Our organization utilizes inexpensive commodity hardware where the trade-off for less durability is compensated by running more standbys. This reduced our costs overall while ensuring a more robust testing and disaster recovery environment. Along with the fact that certain DATA GUARD configurations can also run in a mixed oracle binary environment – 64-bit and 32-bit but on the same operating system family. You can mix hardware from different manufacturers, number of CPU’s, RAM and storage, processor and operating systems versions and distributions providing even more flexibility in designing the architecture. (See Metalink Note:413484.1) There are some major issues with working in a mixed environment- lack of good documentation, RMAN may not be usable and more errors during switchover/failovers. Note: DATA GUARD cannot be used, only the SQLPLUS command line for mixed environments in 10gR2, this limitation is removed as of 11g. Also note in a mixture of 32 and 64 bit environments that an extra step has to be done before switching over, see Metalink Note:62290.1 Changing between 32-bit and 64-bit Word Sizes.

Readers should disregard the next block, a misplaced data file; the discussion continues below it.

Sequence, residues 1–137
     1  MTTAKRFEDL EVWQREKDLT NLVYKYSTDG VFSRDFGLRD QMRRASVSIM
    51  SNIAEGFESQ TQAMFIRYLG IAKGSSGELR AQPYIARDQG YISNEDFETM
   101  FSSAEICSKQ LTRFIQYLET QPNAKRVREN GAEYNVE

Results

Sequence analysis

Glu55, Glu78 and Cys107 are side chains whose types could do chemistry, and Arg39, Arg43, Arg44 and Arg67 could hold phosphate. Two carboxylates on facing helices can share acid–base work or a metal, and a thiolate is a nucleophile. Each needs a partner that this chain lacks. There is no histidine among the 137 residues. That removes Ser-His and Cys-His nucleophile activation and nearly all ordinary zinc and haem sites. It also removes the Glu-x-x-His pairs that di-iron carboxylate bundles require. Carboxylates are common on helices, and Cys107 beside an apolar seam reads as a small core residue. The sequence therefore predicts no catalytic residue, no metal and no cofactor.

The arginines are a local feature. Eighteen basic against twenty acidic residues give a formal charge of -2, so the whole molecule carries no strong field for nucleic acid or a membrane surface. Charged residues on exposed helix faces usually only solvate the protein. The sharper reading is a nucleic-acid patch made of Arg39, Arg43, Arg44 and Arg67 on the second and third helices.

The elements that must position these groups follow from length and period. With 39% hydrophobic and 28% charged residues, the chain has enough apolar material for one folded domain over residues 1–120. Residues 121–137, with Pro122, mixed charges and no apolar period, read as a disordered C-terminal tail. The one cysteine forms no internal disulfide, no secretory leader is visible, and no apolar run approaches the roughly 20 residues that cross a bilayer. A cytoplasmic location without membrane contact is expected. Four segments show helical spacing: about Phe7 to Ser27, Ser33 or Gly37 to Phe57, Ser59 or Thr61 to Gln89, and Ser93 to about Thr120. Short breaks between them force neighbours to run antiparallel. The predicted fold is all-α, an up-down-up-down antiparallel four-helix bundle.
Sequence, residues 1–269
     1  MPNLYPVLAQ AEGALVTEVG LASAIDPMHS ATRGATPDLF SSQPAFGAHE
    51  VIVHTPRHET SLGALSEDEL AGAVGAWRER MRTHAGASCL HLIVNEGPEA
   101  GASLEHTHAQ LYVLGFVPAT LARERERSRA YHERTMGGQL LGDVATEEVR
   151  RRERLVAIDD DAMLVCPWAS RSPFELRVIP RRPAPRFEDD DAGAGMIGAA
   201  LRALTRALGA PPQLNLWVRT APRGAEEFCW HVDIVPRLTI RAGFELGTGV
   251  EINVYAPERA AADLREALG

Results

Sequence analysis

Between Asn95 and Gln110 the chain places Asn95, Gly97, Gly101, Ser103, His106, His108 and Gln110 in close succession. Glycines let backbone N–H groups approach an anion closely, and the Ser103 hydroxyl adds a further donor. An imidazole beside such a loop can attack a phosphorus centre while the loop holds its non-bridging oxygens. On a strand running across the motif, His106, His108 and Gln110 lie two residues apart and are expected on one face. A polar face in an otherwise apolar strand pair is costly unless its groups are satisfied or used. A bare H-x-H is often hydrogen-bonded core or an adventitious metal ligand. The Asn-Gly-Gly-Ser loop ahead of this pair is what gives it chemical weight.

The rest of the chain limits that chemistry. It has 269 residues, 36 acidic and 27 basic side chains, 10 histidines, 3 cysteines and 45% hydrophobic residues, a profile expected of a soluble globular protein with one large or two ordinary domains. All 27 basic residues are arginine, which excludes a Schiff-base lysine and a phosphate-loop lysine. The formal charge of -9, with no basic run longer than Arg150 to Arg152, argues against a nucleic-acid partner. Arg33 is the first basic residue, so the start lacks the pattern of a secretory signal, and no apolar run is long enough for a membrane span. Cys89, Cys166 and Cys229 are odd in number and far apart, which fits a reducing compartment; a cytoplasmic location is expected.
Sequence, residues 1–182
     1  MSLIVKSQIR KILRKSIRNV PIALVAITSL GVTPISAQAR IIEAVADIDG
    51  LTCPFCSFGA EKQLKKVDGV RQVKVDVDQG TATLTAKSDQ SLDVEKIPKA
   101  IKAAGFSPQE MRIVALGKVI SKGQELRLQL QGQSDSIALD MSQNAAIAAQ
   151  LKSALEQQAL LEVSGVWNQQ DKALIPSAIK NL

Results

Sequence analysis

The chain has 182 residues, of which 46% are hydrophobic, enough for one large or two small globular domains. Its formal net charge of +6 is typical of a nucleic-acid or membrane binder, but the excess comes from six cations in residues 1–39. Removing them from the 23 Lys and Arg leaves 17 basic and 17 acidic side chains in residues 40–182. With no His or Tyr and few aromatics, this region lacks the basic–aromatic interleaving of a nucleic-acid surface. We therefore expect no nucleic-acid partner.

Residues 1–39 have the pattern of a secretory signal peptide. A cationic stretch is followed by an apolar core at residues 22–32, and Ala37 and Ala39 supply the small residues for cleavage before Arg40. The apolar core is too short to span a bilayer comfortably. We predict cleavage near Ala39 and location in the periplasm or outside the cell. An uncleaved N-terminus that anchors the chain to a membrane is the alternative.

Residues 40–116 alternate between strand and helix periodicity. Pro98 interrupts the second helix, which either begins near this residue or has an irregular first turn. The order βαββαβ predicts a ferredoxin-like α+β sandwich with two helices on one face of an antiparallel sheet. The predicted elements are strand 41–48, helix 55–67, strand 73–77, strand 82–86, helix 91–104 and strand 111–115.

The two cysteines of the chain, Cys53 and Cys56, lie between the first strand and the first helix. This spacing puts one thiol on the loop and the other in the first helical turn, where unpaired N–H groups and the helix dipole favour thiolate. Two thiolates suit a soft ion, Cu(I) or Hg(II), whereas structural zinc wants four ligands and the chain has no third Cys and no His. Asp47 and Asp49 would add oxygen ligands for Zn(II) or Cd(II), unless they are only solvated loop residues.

Personally I wouldn’t recommend a mixed environment for failing over a production database but would certainly be suitable for testing or development reasons.
Local Site- Different Building, Same City Block, Different Subnet , RTO* – 30 minutes, No data loss Logical Standby – Reporting only
Remote Site – 80 miles away, Different IP, Exterior DNS, VPN Tunnel, RTO* – 24 hours, SAME HARDWARE as production, No data loss, Logical Standby data already duplicated
*RTO – Recovery Time Objective (how long can you be down?)